George Kittle Can Overtake Rob Gronkowski as the Best Tight End in NFL History
George Kittle hasn’t even begun his fourth NFL season. Yet, the San Francisco 49ers star has already established a reputation as one of the NFL’s premier tight ends. A dominant all-around player with even more untapped potential, Kittle has all the tools and the right head coach to help him eventually overtake Rob Gronkowski as the greatest tight end in NFL history.
George Kittle’s rise to NFL stardom
Let’s just say nobody expected George Kittle to become a star. The 6-foot-4, 250-pounder played his college ball at the University of Iowa, a school renowned for producing NFL tight ends. However, Kittle totaled just 48 catches and didn’t get drafted until the fifth round in 2017.
Incredibly, eight tight ends went off the board before the 49ers made Kittle the 146th overall pick. While O.J. Howard, Evan Engram and David Njoku all went in the first round, none of those three have come close to making the same impact as San Francisco’s late-round gem.
As a rookie, Kittle started seven of 15 games and totaled 43 catches for 515 yards and a pair of touchdowns. However, everything changed in his second season in Kyle Shanahan’s offense.
Taking over as the team’s No. 1 tight end, the ultra-athletic pass-catcher and violent blocker went off for 88/1,377/5. Kittle earned his first of back-to-back Pro Bowl selections. Last season, he posted nearly-identical numbers and played a pivotal role in the 49ers advancing to Super Bowl LIV. Of course, his emergence coincided with what looked like Rob Gronkowski’s final days as an NFL player.
Rob Gronkowski established a Hall of Fame resume with the Patriots
Like George Kittle, Rob Gronkowski didn’t enter the NFL as a first-round draft pick. The New England Patriots took a risk on the former University of Arizona star who missed his junior season with a back injury. While durability issues plagued Gronkowski throughout his time in New England, when he stayed healthy, he dominated unlike anyone else in NFL history.
In his prime, the 6-foot-6, 265-pounder could run past linebackers and stiff-arm defensive backs to the floor. Early in his career, it appeared as though no one could stop the Gronk train. In his first three seasons, the former second-round pick totaled 38 TD receptions, including a league-high 17 in 2011.
Unfortunately, the dynamic two-way tight end couldn’t stay healthy. In nine seasons with the Patriots, Gronkowski started 16 games just once. He missed significant time due to back, knee and forearm injuries. And while he did earn All-Pro honors in 2017, his final year in New England didn’t measure up to his Hall of Fame standards.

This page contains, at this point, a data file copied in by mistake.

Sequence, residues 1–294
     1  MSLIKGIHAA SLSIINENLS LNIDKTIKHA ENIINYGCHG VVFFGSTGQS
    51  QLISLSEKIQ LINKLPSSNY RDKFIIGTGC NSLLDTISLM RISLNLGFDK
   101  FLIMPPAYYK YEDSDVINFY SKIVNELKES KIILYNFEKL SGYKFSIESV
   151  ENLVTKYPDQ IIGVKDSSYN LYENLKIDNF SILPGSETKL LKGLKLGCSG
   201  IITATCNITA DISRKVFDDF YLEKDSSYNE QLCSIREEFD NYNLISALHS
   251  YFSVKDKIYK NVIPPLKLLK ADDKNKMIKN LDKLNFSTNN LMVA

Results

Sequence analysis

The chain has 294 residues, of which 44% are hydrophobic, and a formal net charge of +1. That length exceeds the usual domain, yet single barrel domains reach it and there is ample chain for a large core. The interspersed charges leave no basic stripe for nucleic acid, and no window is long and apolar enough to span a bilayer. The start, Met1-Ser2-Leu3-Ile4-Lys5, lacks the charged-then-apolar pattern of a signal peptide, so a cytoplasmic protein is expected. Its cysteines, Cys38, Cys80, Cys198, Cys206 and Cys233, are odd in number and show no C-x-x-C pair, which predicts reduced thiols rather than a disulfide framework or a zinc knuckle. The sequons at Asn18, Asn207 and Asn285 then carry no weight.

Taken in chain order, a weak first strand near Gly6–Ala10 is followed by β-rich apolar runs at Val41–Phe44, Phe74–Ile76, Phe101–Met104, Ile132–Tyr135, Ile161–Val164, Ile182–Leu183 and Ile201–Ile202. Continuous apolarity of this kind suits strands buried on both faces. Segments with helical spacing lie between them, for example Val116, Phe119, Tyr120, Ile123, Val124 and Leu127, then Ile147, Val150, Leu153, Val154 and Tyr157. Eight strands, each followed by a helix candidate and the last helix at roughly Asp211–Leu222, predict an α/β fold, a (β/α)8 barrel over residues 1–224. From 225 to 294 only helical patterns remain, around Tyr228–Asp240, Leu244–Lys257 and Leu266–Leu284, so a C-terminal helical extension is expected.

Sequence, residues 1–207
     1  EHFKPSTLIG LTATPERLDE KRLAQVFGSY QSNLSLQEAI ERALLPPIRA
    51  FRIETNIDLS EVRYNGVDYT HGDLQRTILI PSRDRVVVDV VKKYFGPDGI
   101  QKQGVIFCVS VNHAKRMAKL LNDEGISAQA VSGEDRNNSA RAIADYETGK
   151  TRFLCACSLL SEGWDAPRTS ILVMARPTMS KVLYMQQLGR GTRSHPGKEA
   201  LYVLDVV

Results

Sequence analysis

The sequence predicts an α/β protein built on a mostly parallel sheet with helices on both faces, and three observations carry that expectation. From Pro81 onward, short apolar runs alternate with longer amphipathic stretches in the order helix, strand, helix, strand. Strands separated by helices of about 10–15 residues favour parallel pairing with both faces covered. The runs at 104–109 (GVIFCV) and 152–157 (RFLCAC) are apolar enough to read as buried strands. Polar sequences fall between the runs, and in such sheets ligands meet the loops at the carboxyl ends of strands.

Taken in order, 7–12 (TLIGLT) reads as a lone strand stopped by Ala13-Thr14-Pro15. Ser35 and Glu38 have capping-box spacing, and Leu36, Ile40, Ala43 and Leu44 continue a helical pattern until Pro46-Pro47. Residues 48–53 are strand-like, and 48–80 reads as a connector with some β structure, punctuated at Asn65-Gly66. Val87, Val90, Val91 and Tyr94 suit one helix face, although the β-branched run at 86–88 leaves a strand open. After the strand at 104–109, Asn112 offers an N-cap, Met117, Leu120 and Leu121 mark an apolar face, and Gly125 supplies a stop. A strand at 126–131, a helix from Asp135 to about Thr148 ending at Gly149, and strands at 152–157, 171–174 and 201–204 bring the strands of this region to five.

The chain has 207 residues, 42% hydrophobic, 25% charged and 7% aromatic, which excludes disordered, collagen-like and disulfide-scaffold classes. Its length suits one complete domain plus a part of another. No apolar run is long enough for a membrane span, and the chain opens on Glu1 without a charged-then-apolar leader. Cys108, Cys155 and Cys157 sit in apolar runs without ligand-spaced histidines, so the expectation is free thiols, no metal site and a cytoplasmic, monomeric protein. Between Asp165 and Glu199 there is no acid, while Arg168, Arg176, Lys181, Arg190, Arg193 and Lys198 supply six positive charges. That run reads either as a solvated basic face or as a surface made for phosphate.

Gronkowski did record a key catch in New England’s Super Bowl LI victory against the Los Angeles Rams. But with his body banged up, he retired about a month before the 2019 NFL draft. Of course, once Tom Brady moved to Tampa, the future Hall of Famer decided to give it another go and New England traded the five-time Pro Bowler to the Buccaneers.
Kittle can surpass Gronkowski if he stays healthy
George Kittle and Rob Gronkowski are at opposite ends of their career arcs. The former will be 26 this season and is just scratching the surface of his Hall of Fame potential. The latter will have to prove he has something left in the tank after looking like a shell of himself in 2018.
For Kittle, though, he has not only the physical skillset but the perfect offensive infrastructure to eventually topple Gronkowski off his thrown. Assuming Jimmy Garoppolo takes another step in his development, the 49ers tight end will have a Pro Bowl-caliber quarterback running one of the most player-friendly offenses in the NFL.
Moreover, Kittle has shown the ability to withstand the pounding of being the team’s top target while also dominating as a run-blocker. That latter skill shouldn’t be overlooked, as few tight ends possess the ability to put linebackers and defensive linemen on their backs in the running game.
Gronkowski may be able to bolster his stats in Tampa, but he faces an uphill battle considering he just sat out for an entire season. He currently has 521 receptions, 7,861 yards and 79 TD on his resume. Even if he can push for a 50/700/7 season, that still leaves Kittle in a good position to top his career numbers.
Ultimately, George Kittle has to avoid the injuries that sapped Gronkowski of some of his prime years. But if he successfully takes care of his body and spends his prime in Shanahan’s player-friendly scheme, there’s no reason he can’t become a perennial All-Pro, a Hall of Famer and the best tight end in NFL history.
Statistics courtesy of Pro Football Reference